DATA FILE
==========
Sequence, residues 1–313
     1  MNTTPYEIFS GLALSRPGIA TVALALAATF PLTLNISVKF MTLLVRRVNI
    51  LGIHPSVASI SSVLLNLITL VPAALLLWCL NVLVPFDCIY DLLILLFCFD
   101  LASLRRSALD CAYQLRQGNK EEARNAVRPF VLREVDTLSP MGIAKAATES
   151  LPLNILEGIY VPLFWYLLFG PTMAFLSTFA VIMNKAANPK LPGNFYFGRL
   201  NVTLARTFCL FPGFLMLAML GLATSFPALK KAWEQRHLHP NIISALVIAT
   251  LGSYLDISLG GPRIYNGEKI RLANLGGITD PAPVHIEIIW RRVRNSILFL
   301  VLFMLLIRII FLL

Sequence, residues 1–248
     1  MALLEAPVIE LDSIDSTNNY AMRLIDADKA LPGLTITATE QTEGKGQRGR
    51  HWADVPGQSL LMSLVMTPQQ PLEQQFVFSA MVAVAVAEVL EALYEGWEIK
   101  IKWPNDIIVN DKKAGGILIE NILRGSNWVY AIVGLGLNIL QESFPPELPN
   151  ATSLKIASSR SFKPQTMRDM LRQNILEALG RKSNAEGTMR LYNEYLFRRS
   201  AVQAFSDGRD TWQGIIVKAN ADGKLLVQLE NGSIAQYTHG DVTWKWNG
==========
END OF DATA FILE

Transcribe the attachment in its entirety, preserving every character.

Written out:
Sequence, residues 1–313
     1  MNTTPYEIFS GLALSRPGIA TVALALAATF PLTLNISVKF MTLLVRRVNI
    51  LGIHPSVASI SSVLLNLITL VPAALLLWCL NVLVPFDCIY DLLILLFCFD
   101  LASLRRSALD CAYQLRQGNK EEARNAVRPF VLREVDTLSP MGIAKAATES
   151  LPLNILEGIY VPLFWYLLFG PTMAFLSTFA VIMNKAANPK LPGNFYFGRL
   201  NVTLARTFCL FPGFLMLAML GLATSFPALK KAWEQRHLHP NIISALVIAT
   251  LGSYLDISLG GPRIYNGEKI RLANLGGITD PAPVHIEIIW RRVRNSILFL
   301  VLFMLLIRII FLL

Sequence, residues 1–248
     1  MALLEAPVIE LDSIDSTNNY AMRLIDADKA LPGLTITATE QTEGKGQRGR
    51  HWADVPGQSL LMSLVMTPQQ PLEQQFVFSA MVAVAVAEVL EALYEGWEIK
   101  IKWPNDIIVN DKKAGGILIE NILRGSNWVY AIVGLGLNIL QESFPPELPN
   151  ATSLKIASSR SFKPQTMRDM LRQNILEALG RKSNAEGTMR LYNEYLFRRS
   201  AVQAFSDGRD TWQGIIVKAN ADGKLLVQLE NGSIAQYTHG DVTWKWNG